Asset Value Per Share


DEFINITION of 'Asset Value Per Share'

The total value of a fund's investments divided by its number of shares outstanding. This type of asset value per share is more commonly referred to as "net asset value per share" or simply "net asset value" or "NAV." Asset value per share can also refer to a public company's total assets minus its total liabilities, divided by its number of shares outstanding. In this case, asset value per share may be referred to as "net current asset value per share."

BREAKING DOWN 'Asset Value Per Share'

For most funds, asset value per share is the price at which shares in that fund can be bought and sold. For publicly traded companies, investors can use asset value per share to compare the price of the company's stock to the underlying value of the company's stock. Significant differences between these two numbers can indicate a prudent time to buy or sell.

  1. Premium To Net Asset Value

    A pricing situation that occurs when the stock value of a closed-end ...
  2. Discount To Net Asset Value

    A pricing situation that occurs with a closed-end mutual fund ...
  3. Tangible Book Value Per Share - ...

    A method of valuing a company on a per-share basis by measuring ...
  4. Net Current Asset Value Per Share ...

    A value created by professor Benjamin Graham in the mid-twentieth ...
  5. Net Asset Value Per Share - NAVPS

    An expression for net asset value that represents a fund's (mutual, ...
  6. Adjusted Gross Income - AGI

    A measure of income calculated from your gross income and used ...
Related Articles
  1. Markets

    Book Value: How Reliable Is It For Investors?

    In theory, a low P/B ratio means you have a cushion against poor performance. In practice, it is much less certain.
  2. Options & Futures

    Getting The Real Earnings

    EPS helps investors analyze earnings in relation to changes in new-share capital.
  3. Investing

    Time to Bring Active Back into a Portfolio?

    While stocks have rallied since the economic recovery in 2009, many active portfolio managers have struggled to deliver investor returns in excess.
  4. Economics

    Investing Opportunities as Central Banks Diverge

    After the Paris attacks investors are focusing on central bank policy and its potential for divergence: tightened by the Fed while the ECB pursues easing.
  5. Stock Analysis

    The Biggest Risks of Investing in Pfizer Stock

    Learn the biggest potential risks that may affect the price of Pfizer's stock, complete with a fundamental analysis and review of other external factors.
  6. Active Trading

    An Introduction To Depreciation

    Companies make choices and assumptions in calculating depreciation, and you need to know how these affect the bottom line.
  7. Markets

    PEG Ratio Nails Down Value Stocks

    Learn how this simple calculation can help you determine a stock's earnings potential.
  8. Investing

    What’s the Difference Between Duration & Maturity?

    We look at the meaning of two terms that often get confused, duration and maturity, to set the record straight.
  9. Fundamental Analysis

    Buy Penny Stocks Using the Wisdom of Peter Lynch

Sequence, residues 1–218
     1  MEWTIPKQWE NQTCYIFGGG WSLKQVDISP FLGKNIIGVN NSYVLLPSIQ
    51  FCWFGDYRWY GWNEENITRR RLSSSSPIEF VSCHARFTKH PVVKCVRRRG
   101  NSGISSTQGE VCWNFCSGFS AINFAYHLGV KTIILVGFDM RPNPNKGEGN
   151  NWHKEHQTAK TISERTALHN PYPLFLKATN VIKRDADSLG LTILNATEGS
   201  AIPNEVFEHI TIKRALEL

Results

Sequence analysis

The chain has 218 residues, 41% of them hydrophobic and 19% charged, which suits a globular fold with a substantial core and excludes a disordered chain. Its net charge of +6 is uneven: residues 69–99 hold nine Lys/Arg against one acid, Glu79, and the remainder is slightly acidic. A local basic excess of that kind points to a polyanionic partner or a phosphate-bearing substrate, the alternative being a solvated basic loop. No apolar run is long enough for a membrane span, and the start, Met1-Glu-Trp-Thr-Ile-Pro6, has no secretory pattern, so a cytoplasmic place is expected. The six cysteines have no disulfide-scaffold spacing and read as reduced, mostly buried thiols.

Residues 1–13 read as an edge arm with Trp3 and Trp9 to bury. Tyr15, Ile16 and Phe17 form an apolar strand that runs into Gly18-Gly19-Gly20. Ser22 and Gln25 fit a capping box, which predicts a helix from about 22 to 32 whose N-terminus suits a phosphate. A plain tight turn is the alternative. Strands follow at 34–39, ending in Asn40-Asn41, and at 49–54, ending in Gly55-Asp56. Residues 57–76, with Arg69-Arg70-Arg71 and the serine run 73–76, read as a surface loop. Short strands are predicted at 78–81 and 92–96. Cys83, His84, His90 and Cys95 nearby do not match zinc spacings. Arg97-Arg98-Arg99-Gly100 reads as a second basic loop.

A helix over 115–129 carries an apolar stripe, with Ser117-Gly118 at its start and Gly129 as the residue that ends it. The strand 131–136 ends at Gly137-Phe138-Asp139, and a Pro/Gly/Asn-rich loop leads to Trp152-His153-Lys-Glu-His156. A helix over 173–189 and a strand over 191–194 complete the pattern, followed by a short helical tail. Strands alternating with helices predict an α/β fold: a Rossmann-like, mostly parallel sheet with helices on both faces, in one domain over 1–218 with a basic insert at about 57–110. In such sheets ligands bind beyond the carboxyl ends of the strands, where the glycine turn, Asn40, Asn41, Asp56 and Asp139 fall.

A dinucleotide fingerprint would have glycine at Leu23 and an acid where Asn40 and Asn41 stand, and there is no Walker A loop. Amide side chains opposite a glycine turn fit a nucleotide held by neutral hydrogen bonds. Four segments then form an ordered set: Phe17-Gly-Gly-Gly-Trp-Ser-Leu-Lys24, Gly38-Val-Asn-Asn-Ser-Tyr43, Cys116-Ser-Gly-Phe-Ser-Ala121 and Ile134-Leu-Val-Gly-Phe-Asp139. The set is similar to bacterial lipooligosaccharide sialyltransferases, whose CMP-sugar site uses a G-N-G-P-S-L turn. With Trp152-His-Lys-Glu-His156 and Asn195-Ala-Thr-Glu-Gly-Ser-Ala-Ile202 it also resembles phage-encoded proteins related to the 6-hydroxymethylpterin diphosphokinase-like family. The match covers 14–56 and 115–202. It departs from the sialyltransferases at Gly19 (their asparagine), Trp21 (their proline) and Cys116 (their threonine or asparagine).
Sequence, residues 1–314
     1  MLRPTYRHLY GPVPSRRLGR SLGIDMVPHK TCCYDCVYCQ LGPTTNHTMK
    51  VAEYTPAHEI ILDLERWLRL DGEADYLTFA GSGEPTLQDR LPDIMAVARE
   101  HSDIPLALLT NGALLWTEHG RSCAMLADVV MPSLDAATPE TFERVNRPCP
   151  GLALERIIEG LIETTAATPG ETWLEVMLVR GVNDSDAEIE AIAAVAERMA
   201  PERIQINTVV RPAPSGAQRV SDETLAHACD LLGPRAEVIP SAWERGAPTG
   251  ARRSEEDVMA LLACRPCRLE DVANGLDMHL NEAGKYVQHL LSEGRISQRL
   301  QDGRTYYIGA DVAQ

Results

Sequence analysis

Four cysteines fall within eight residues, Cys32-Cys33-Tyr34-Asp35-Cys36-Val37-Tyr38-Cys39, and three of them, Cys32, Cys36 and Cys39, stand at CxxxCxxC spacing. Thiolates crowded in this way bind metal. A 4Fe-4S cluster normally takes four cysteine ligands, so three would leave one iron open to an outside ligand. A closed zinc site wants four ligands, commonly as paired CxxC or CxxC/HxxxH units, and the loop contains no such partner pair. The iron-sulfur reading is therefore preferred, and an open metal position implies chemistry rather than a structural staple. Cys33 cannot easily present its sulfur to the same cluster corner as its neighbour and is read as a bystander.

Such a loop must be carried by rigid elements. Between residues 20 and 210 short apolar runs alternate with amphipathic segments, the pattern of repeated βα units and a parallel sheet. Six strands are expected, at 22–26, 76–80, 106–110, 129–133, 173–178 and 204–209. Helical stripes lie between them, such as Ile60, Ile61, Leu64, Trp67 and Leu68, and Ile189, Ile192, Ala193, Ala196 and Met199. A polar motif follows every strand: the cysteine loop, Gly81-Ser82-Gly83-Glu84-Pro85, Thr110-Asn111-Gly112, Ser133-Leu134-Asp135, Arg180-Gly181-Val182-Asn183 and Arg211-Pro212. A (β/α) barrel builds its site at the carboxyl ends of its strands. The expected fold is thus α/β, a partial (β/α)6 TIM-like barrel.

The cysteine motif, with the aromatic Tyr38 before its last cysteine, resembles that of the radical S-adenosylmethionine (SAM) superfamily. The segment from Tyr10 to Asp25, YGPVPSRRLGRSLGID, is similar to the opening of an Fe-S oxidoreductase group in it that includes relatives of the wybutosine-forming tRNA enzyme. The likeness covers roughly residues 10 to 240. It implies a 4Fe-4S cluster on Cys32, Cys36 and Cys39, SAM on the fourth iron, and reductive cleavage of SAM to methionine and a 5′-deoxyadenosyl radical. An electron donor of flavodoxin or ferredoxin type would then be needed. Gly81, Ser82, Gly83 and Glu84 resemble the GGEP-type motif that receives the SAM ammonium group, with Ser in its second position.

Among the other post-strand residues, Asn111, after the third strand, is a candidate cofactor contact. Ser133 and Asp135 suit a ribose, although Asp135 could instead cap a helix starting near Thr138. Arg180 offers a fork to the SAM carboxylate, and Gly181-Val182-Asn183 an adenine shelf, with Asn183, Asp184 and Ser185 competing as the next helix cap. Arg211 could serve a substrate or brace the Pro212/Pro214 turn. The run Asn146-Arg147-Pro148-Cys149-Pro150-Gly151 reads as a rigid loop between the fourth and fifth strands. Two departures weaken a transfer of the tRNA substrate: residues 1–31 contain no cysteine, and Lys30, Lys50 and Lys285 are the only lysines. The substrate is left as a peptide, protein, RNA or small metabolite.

Are penny stocks any better than playing penny slots in Vegas? What if you used the fundamental analysis principles of Peter Lynch to pick penny stocks?
  10. Fundamental Analysis

    Are Amazon Profits Here to Stay?

    Amazon is starting to look like a steadily profitable company. Is this really the case? Should investors even be hoping for profitability?
  1. What is the difference between a company's book value per share and its intrinsic ...

    Book value and intrinsic value are two ways to measure the value of a company. In simple terms, book value is based on the ... Read Full Answer >>
  2. What is a mutual fund's NAV?

    Net asset value (NAV) represents a fund's per share market value. This is the price at which investors buy ("bid price") ... Read Full Answer >>
  3. Can working capital be depreciated?

    Working capital as current assets cannot be depreciated the way long-term, fixed assets are. In accounting, depreciation ... Read Full Answer >>
  4. What does high working capital say about a company's financial prospects?

    If a company has high working capital, it has more than enough liquid funds to meet its short-term obligations. Working capital, ... Read Full Answer >>
  5. How can working capital affect a company's finances?

    Working capital, or total current assets minus total current liabilities, can affect a company's longer-term investment effectiveness ... Read Full Answer >>
  6. What are working capital costs?

    Working capital costs (WCC) refer to the costs of maintaining daily operations at an organization. These costs take into ... Read Full Answer >>

You May Also Like

Hot Definitions
  1. Take A Bath

    A slang term referring to the situation of an investor who has experienced a large loss from an investment or speculative ...
  2. Black Friday

    1. A day of stock market catastrophe. Originally, September 24, 1869, was deemed Black Friday. The crash was sparked by gold ...
  3. Turkey

    Slang for an investment that yields disappointing results or turns out worse than expected. Failed business deals, securities ...
  4. Barefoot Pilgrim

    A slang term for an unsophisticated investor who loses all of his or her wealth by trading equities in the stock market. ...
  5. Quick Ratio

    The quick ratio is an indicator of a company’s short-term liquidity. The quick ratio measures a company’s ability to meet ...
  6. Black Tuesday

    October 29, 1929, when the DJIA fell 12% - one of the largest one-day drops in stock market history. More than 16 million ...
Trading Center